Ask the grumpies: How to find a smart fee-only financial planner, or should we just give up and do it ourselves?

CG asks:

How to find a smart fee-for-service financial planner? We (especially DH) think we are pretty smart about investing (index funds!), but we have enough money saved now that we really would like another set of eyes on our choices. The people we’ve gone to so far are hearty retired-athlete types who are probably good at relationship building in general, but not with us. Basically we have to feel like the person is truly an expert and as smart as or smarter than we are or else we won’t be getting anything out of it. Do such people exist?

Here’s Walter Updegrave’s suggestion on the CNN Money Site and on his own website.

If you have a lot of money and are thinking about asset transfer/tax avoidance, then maybe a tax attorney or CPA.  I’m not sure how to find a good one of those as we’re not in that bracket.  If you have money in stocks there’s probably things that can be done with losses and conversions etc. to save money on your annual tax bill.

You are probably best off posting on the Bogleheads forum and asking your questions direclty. It is likely that the people who truly are experts and smarter than you are at this stuff are outside of what you’re willing to pay for their services.  If you are willing to spend a large sum, then you’d be best off asking rich friends to ask their rich friends, though many of them are probably also getting shafted by people who aren’t actually doing what’s best for them.

If what you want is just about balance of assets, then asking the Bogleheads forum is going to work well.  There are lots of smart and expert people on Bogleheads who are just giving financial advice to upper income folks away for free.

In addition, there’s a wide range of acceptable even given your personal risk tolerances.  There really isn’t one optimal mix given uncertainty and our uncertainty about how certain we are.  Because you are smart and have the basics down, if you do it yourself with the help of online calculators there won’t be much that a financial advisor can add.  If you’ve exhausted your annual retirement savings and have space for taxable, here’s our thoughts on what should go where when you’re investing.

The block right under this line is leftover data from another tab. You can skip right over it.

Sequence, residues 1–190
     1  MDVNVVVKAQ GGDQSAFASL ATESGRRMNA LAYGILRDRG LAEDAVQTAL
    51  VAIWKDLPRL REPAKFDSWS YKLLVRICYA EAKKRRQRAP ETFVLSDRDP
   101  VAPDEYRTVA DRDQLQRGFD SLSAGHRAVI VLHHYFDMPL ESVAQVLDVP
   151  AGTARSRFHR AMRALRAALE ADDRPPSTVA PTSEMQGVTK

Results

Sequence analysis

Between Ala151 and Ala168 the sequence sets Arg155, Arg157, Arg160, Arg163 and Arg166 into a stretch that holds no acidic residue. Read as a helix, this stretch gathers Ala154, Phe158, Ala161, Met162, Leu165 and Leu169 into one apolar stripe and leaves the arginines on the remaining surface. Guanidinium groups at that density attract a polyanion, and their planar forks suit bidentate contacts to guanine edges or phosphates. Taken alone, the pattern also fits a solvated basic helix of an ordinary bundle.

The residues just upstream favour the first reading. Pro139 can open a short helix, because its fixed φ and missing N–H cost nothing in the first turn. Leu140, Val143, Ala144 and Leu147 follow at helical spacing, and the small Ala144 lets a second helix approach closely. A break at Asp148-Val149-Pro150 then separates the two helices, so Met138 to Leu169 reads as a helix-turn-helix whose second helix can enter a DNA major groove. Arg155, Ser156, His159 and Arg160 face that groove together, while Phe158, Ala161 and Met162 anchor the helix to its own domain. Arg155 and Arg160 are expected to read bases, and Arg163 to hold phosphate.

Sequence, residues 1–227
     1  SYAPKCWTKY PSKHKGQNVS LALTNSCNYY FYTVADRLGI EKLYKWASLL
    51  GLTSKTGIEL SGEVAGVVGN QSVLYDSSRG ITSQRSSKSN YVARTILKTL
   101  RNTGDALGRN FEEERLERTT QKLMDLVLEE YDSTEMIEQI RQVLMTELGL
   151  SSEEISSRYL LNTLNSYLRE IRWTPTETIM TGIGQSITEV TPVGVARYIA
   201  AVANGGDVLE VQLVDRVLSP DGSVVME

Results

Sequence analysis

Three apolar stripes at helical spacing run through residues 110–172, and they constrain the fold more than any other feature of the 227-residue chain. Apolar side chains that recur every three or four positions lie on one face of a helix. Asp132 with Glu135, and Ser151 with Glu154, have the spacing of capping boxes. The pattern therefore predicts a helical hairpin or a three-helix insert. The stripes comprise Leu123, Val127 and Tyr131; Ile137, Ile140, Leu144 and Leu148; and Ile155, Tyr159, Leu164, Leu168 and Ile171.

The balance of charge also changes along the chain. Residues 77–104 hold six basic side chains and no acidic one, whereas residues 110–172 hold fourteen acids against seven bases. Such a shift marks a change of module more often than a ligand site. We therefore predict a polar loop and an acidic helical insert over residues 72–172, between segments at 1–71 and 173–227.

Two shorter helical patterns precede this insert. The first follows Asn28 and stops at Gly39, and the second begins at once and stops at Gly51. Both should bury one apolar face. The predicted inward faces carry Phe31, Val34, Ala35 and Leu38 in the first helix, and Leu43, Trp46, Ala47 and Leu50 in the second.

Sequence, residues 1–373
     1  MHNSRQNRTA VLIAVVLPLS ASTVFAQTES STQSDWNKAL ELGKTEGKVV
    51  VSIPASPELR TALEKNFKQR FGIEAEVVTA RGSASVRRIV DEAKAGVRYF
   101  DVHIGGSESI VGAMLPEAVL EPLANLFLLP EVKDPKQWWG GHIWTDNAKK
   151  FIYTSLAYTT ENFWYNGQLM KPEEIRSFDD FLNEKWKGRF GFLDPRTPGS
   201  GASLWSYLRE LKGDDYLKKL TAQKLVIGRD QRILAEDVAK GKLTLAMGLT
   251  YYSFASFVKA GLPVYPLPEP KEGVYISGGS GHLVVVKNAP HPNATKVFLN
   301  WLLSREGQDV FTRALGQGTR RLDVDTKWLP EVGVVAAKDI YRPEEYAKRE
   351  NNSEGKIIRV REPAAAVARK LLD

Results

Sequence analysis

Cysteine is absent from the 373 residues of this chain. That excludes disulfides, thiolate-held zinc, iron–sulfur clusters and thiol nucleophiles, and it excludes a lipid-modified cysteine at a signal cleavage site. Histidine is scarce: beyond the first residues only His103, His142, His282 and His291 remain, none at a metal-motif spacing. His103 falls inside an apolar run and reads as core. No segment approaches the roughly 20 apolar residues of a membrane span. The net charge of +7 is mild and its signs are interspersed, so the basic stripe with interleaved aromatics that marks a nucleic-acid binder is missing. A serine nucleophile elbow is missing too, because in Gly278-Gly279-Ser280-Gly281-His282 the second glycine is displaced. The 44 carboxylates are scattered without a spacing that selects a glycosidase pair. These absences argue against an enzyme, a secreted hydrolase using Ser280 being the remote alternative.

To sum:  You are probably doing just fine.  But if you have doubts, check out the Bogleheads forum.  If you still want a financial planner, read through the Updegrave links above and you might get lucky, or be prepared to spend a lot and still have a chance of not getting much out of it.

Does anybody have better advice for CG?  Have you found a financial planner you love?  How?

9 Responses to “Ask the grumpies: How to find a smart fee-only financial planner, or should we just give up and do it ourselves?”

  1. nicoleandmaggie Says:

    Is today’s ask the grumpies question a real question or did I somehow write it in my sleep and not notice?

    • nicoleandmaggie Says:

      It’s a real question to which I did not have a good answer. I thought you said, “I will just ask [one of our many friends from high school who struck it big moving to silicon valley during the dot com boom] who he uses” when I asked it to you a few years back.

      • nicoleandmaggie Says:

        I asked [other rich friend from college who also struck it big in the dot com boom] and he said he fired his guy

      • nicoleandmaggie Says:

        So, I’m guessing they’re hard to find and hard to determine who is actually providing value added and who is just a scammer, even among the super rich (see also: individualized college prep industry).

        But at bogleheads, they give it away for free!

  2. bogart Says:

    Oh urf. I don’t have better advice (and I’d guess how easy or difficult this is probably functions a good bit by where you live) but I too want to tackle this task. My actual goal is sometime in the next decade to find a fee-payable (doesn’t have to be only — see what follows, I’d be OK with a % of what’s managed down the road, provided it’s reasonable — but I want that for now) CFP who’s part of a practice (i.e. a group) and who I like well enough to work with (or work with others in the practice, if the person I pick keels over before me or retires) for the rest of my life. Right now I’m probably at the tipping point between whether there’s added value (given the cost of paying for service) versus just DIY, but in the long run I’d like to connect with a professional who can get to know me and my values, approach, priorities well enough that if I reach a stage where I am uninterested or incompetent they can be a useful part of a team making decisions for me.

  3. CG Says:

    Thanks for posting this! Sounds like it isn’t easy for anyone, including your Silicon Valley friend.

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